|Originally Broadcast 2nd April 2005|
Written by: Russell T. Davies
In a nutshell: For her first trip in the TARDIS, the Doctor takes Rose Tyler to the year five billion to witness the end of the world.
Review: I’m going to take a moment and do this review in two halves, as I love this story for thirty minutes, therefore my opinions are going to separated into good and bad, starting off with the good, proving it can’t only get better.
Good: RTD made the brilliant best decision to make episode two big budget and bold, with aliens left, right and centre. The fact that director Euros Lyn can’t make a camera shot without showing someone blue or a tree really shows off what this television series is to the new audience. With ‘Rose’ the idea was to sell the characters slowly, tell us the Doctor is alien and make us love Rose, which we do, so the idea with ‘The End Of The World’ is to throw us into the deep end and give us aliens. But at the same time, we get a mix of the odd aliens with the familiar; it’s our planet about to burn (we instantly relate) and Rose goes through all the human emotions we expect and love from our good ol’ British drama.
|I wonder if that set will be reused a few times this year?|
Performance is on top form from everyone too, I love all the characters here, Eccleston in particular being fantastic at expressing his love of the aliens and trying to impress Rose. I love Zoe Wanamaker’s voice over, Jimmy Vee’s Moxx and, of course, Billie Piper’s Rose Tyler. All the elements really come together here, actors are given good writing and deliver all their lines with amazement and awe from the audience.
Another reason this is good is because it’s just so wacky, there’s fun contained in every minute of the episode, with lines like “He’s blue?” and Cassandra’s idea of Ipods and Ostrich eggs as well as “I give you air from my lungs”. We get given so many alien concepts but we get so many jokes to introduce them it gives a sort of mild Douglas Adams feel to the episode, this could have easily been one of the (few) stand out episodes of the 1979-1980 series of the show, but the fact it’s made with a 2005 budget exaggerates how good the episode really is.
Yasmin Bannerman (Jabe/Tree lady) with Christopher Eccleston’s Doctor is a really powerful, emotional journey hidden away in this episode, I could actually see them have a relationship and reminds me a little of the Doctor getting engaged from ‘The Aztecs’ (1964) but with more tears. It’s great we’re given this introduction into the Doctor’s personal history through a once-off character as she’s really needed to push the Doctor in a way that Rose couldn’t as this point in her journey. There’s some really sad scenes here and Eccleston gives possibly his best performance as the ninth incarnation more than once in these thirty minutes.
|"What sort of date are you?"|
But then, we reach the half hour mark and we get…
Bad: Giant fans. Who on earth thought giant fans would work in this? I have to give a small credit to RTD, he laughs about this scene (in interviews such as a 2006 DWM) and admits it’s just a bit of fun, but it’s the weakest part of the story. And for someone who’s told “Stop wasting time, Time Lord”, the Doctor doesn’t half take his time to walk through the first and second fan, making poor Jabe burn like a tree, oh, wait a minute. Anyway, moving on to:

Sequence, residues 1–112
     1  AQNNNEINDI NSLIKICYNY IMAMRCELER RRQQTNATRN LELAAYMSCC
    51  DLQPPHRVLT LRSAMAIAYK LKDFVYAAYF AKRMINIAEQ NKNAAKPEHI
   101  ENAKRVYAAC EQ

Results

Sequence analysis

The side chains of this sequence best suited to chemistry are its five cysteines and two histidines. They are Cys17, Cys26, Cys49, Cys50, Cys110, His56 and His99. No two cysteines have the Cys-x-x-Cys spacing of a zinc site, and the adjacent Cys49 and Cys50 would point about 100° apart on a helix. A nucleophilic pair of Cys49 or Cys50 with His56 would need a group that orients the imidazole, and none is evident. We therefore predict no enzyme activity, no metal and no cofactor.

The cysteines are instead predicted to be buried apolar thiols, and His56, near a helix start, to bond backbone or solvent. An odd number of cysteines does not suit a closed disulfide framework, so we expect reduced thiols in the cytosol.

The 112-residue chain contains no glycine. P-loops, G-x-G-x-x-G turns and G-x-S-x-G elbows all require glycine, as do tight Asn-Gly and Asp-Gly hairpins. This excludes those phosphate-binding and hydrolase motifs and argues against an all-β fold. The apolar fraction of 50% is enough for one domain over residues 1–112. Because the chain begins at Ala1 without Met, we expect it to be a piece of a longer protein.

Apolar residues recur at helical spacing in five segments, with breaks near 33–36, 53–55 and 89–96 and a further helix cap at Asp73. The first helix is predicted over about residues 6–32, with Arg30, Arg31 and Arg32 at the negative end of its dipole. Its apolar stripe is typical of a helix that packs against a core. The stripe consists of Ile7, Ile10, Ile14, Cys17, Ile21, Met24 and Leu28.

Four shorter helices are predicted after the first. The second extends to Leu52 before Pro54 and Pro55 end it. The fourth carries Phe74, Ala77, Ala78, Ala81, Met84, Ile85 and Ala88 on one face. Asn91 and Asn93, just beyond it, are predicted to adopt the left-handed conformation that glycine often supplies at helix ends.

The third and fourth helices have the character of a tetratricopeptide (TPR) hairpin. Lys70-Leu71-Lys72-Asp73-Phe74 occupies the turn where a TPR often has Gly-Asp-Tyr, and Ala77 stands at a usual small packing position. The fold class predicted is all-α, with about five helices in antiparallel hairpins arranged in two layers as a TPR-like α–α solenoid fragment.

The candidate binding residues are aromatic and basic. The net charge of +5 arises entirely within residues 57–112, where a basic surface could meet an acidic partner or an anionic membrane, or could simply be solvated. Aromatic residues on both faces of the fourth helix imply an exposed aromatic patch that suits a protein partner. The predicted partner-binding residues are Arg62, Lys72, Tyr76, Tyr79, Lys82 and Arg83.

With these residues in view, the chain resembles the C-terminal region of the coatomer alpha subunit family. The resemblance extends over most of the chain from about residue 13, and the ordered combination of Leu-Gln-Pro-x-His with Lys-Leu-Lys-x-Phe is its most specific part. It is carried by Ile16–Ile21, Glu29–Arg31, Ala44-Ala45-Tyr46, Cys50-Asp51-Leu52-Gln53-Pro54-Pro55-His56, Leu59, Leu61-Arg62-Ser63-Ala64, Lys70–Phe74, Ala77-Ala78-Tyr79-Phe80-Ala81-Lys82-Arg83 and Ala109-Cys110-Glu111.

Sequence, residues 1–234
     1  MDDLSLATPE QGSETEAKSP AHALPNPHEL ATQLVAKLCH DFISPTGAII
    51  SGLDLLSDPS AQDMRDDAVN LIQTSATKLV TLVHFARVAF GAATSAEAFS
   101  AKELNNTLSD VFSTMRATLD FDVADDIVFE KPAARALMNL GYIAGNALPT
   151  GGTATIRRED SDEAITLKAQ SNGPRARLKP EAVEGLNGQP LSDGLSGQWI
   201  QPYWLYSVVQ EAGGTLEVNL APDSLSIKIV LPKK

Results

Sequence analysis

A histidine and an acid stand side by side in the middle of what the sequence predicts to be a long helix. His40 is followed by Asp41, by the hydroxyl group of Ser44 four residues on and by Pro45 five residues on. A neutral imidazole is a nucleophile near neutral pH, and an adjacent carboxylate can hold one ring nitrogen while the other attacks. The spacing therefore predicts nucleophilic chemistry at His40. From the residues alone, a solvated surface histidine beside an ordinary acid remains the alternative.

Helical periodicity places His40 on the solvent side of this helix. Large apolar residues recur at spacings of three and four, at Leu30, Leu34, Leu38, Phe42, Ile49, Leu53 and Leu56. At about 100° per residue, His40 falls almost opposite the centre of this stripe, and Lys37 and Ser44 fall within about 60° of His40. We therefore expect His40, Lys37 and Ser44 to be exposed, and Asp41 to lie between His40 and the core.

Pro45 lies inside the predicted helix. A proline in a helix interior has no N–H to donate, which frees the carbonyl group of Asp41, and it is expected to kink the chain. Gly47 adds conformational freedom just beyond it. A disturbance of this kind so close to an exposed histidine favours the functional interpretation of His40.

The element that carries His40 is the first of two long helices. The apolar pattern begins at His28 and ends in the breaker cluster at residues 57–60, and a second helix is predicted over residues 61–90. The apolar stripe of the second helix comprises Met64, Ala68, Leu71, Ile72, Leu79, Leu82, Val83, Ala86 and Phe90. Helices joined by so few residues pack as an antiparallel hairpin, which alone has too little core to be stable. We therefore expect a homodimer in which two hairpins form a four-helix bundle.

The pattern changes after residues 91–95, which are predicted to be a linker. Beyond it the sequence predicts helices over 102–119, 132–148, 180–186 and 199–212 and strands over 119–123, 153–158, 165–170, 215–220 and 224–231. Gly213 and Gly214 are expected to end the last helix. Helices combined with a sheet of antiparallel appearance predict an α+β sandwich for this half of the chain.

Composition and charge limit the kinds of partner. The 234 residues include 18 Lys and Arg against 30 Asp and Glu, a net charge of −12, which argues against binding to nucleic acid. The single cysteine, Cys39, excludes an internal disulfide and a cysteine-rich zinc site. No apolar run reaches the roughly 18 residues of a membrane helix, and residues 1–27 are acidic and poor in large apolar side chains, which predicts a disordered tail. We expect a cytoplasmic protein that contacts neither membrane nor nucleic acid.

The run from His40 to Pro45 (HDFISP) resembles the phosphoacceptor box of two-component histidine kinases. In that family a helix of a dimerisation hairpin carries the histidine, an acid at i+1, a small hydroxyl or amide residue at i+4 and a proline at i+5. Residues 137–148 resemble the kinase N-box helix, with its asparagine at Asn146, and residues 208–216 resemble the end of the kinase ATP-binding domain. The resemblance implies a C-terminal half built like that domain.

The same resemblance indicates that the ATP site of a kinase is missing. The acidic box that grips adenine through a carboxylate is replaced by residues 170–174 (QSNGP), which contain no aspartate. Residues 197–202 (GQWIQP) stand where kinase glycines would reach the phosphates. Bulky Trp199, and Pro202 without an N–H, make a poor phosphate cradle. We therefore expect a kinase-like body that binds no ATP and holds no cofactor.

Cassandra. I really just don’t like her. She’s definitely got her good points, such as Wanamaker providing the voice and she’s quite funny at times, making stereotyped jokes about her many husbands, which I must admit I do like, but I can’t quite put my finger on why I don’t like her. She was written in as the villain too obviously although there is a moment where RTD throws in the robots to keep us off the scent (which doesn’t work). She works decently as a one-time villain, but not twice, this isn’t the review for it so don’t even get me started on ‘New Earth’ (2006)!
|Cassandra: A marmite villain?|
There’s not really a lot more to add, bar little things that just grate me like the sun filter stuff and how the characters can touch the wall a second after the suns burnt it to a crisp, as well as Billie Piper’s acting paired up with green screen. It’s ten of the last fifteen minutes where the ‘adventure’ has to kick in, giving us loud music, explosions and other stuff that apparently the twenty-first century audience has to have in everything.
Luckily, we come back full circle and the episode works wonders again from Cassandra’s apparent death, giving us more insight into the evilness of Eccleston’s Doctor (something I love the payoff for, three years down the line in 2008’s ‘Journey’s End’) before the final scene, where we learn what has become of the Doctor’s planet. There’s some very powerful emotions RTD plays with in just forty-five minutes, forcing the audience to feel love, then sadness, then fun and excitement, it really sets the tone for the new series tenure. Overall, I love this episode, but it’s definitely full of faults, which sadly drag the episode down in many people’s minds.